Muslim Princes, Female Missionaries, and Trans-Mediterranean Migrations: The Soeurs de Saint-Joseph de l'Apparition in Tunisia, c. 1840-1881

Research output: Chapter in Book/Report/Conference proceedingChapter

1 Scopus citations

Abstract

This chapter explores the history of the Soeurs de Saint Joseph de l'Apparition by situating the congregation within the larger context of nineteenth-century imperialism and transnational migrations in Tunisia and the Mediterranean more generally. A variety of factors-from war to shifting labor markets-shaped the missionary sisters' methods. Focusing on teaching and medical work both intersected with the needs of trans- Mediterranean migration and won the patronage of the Husaynid Dynasty (reigned 1705-1956). The order's founder and her sisters ceaselessly importuned court officials for assistance in finding suitable residences, which, in a city such as Tunis, then experiencing massive immigration and thus housing shortages, was key to permanent settlement.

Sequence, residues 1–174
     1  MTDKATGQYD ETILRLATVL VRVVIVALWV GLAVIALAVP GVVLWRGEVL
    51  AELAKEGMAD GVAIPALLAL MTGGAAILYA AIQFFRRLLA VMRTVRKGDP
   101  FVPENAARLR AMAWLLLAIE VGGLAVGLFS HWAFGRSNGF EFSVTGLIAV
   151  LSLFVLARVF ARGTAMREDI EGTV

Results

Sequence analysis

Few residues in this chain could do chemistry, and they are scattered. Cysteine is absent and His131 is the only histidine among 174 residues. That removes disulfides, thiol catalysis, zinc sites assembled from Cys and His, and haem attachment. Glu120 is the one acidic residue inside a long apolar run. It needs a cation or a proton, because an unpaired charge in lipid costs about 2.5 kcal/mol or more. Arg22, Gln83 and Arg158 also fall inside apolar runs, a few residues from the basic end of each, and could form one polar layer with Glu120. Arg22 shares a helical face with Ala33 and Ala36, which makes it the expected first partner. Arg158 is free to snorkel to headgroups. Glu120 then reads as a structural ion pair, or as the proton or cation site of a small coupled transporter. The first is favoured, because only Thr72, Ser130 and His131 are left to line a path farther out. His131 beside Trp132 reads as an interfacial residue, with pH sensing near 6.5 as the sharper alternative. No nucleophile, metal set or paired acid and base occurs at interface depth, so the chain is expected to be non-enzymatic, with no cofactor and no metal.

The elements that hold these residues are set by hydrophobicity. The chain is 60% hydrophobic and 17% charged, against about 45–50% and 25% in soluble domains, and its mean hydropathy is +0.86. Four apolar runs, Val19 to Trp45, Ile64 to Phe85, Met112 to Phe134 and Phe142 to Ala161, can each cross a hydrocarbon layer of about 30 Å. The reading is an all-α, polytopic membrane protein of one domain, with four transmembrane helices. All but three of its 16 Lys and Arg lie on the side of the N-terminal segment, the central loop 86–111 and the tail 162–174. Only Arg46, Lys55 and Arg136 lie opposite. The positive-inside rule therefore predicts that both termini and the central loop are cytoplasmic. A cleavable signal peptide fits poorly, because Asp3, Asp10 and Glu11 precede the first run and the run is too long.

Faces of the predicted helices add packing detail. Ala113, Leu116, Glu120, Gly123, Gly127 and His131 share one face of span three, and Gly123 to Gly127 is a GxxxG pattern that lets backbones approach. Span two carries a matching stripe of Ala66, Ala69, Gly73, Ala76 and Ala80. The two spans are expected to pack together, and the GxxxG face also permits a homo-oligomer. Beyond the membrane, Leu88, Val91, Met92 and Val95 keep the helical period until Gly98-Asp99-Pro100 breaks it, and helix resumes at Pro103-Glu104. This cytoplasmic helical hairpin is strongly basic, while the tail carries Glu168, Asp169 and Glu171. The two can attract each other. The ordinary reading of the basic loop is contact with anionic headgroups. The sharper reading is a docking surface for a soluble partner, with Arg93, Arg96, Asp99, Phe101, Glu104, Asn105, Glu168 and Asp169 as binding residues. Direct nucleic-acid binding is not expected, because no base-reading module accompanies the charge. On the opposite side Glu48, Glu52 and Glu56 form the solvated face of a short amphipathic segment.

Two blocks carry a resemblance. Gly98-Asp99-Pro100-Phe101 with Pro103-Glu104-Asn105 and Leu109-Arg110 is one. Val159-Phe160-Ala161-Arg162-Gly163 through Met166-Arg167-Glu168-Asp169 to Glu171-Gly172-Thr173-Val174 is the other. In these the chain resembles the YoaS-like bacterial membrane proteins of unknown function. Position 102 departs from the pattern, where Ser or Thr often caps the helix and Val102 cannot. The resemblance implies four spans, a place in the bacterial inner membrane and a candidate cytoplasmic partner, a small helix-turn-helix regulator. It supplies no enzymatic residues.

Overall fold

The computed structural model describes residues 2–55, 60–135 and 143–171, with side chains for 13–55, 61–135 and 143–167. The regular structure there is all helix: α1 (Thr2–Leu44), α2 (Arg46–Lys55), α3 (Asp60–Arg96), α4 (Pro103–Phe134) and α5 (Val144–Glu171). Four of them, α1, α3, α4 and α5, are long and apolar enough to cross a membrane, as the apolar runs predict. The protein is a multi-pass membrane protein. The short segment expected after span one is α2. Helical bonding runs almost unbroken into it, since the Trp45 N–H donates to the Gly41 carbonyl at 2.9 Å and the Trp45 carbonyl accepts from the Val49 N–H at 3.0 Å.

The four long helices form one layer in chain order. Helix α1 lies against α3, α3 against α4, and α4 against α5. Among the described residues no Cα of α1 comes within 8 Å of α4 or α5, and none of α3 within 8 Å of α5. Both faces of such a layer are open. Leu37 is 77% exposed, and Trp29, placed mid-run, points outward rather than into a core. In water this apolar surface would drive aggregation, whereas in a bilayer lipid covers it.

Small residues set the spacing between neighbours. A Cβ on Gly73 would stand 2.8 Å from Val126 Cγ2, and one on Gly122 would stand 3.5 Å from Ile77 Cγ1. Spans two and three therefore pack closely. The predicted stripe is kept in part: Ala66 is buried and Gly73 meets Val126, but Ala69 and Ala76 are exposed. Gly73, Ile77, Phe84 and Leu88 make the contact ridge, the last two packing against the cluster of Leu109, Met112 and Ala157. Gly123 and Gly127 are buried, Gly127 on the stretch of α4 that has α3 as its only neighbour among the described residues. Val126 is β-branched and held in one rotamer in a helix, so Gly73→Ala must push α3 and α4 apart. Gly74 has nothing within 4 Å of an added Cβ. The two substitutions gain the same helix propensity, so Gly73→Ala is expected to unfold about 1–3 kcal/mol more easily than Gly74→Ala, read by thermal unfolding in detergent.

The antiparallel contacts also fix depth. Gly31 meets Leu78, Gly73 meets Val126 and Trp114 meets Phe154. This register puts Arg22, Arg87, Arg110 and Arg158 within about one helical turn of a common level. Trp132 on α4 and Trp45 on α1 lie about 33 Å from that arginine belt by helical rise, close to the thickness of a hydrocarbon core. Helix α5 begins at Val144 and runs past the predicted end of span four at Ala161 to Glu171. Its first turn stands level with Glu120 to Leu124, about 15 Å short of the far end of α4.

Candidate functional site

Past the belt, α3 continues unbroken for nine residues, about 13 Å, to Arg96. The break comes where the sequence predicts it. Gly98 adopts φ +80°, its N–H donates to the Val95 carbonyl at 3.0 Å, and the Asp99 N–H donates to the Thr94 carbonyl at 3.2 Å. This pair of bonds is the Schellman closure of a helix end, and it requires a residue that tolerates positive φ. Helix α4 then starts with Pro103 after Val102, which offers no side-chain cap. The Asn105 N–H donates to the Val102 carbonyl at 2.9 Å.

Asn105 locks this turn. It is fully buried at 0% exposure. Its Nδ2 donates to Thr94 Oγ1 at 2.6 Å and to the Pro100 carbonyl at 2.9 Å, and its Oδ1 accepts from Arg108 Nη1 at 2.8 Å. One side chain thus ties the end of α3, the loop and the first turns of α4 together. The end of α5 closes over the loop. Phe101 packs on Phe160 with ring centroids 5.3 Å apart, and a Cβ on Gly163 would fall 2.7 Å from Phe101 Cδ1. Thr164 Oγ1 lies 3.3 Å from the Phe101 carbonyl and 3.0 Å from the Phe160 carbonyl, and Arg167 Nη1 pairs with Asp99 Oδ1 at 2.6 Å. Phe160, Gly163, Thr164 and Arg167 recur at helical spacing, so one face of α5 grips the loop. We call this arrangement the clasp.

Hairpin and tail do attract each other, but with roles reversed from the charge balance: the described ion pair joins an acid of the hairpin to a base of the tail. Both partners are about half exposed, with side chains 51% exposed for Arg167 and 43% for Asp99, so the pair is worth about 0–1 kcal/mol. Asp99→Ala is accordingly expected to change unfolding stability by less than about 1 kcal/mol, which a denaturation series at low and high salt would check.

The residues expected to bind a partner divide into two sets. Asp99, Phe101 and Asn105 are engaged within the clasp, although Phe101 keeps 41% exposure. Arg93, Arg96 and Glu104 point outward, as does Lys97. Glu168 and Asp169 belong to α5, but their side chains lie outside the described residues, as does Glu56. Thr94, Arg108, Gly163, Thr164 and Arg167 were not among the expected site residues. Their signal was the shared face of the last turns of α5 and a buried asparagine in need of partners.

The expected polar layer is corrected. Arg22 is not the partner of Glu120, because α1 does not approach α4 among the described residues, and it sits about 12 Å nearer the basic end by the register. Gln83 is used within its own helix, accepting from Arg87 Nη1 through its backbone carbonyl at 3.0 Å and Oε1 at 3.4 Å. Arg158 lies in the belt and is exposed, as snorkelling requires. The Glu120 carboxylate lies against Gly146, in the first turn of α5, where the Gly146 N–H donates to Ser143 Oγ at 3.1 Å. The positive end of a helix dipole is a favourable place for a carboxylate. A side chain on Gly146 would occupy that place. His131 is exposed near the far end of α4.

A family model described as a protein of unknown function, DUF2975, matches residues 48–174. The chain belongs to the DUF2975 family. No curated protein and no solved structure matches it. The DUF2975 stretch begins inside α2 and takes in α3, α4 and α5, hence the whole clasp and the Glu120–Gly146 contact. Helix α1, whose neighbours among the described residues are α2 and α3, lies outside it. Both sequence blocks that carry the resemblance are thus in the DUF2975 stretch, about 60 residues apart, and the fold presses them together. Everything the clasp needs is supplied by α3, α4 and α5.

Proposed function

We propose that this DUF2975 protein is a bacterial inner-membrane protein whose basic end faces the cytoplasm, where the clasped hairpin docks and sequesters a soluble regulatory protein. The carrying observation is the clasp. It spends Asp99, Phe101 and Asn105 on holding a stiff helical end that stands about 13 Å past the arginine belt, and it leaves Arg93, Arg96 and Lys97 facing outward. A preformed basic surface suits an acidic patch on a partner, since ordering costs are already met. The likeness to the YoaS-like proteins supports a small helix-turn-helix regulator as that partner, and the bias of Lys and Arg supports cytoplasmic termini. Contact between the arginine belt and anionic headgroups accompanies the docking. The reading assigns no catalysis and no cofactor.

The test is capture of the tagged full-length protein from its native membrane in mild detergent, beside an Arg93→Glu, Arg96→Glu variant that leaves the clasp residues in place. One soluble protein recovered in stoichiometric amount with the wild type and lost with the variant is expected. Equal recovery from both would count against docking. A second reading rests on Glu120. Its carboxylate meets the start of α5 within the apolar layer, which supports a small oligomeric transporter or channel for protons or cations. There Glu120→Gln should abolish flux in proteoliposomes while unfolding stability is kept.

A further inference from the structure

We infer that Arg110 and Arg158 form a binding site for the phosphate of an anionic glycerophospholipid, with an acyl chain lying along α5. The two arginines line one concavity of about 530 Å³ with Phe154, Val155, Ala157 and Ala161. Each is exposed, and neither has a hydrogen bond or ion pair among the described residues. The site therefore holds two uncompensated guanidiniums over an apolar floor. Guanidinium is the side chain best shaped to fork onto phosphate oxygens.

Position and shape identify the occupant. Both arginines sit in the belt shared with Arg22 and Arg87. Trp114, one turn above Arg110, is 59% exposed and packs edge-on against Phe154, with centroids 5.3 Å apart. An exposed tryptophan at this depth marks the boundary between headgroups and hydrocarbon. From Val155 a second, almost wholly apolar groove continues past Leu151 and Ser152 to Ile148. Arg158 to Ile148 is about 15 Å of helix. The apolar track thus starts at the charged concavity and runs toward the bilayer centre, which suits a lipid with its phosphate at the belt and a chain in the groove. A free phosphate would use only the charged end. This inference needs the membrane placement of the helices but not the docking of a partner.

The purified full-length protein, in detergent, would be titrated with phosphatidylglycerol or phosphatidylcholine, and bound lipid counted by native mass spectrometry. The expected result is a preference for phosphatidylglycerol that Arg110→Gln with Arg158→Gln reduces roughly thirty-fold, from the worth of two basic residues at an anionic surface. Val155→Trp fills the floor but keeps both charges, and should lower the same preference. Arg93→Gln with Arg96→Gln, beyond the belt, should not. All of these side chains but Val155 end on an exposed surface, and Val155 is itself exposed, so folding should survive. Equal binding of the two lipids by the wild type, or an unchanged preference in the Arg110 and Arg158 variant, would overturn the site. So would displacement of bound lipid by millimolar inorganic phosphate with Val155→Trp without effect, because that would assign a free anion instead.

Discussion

Original languageEnglish (US)
Title of host publicationIn God's Empire
Subtitle of host publicationFrench Missionaries and the Modern World
PublisherOxford University Press
ISBN (Electronic)9780199979318
ISBN (Print)9780195396447
DOIs
StatePublished - Sep 20 2012

Keywords

  • Housing
  • Labor markets
  • Migration
  • Missionary sisters
  • Tunis
  • Tunisia
  • War

ASJC Scopus subject areas

  • Arts and Humanities(all)

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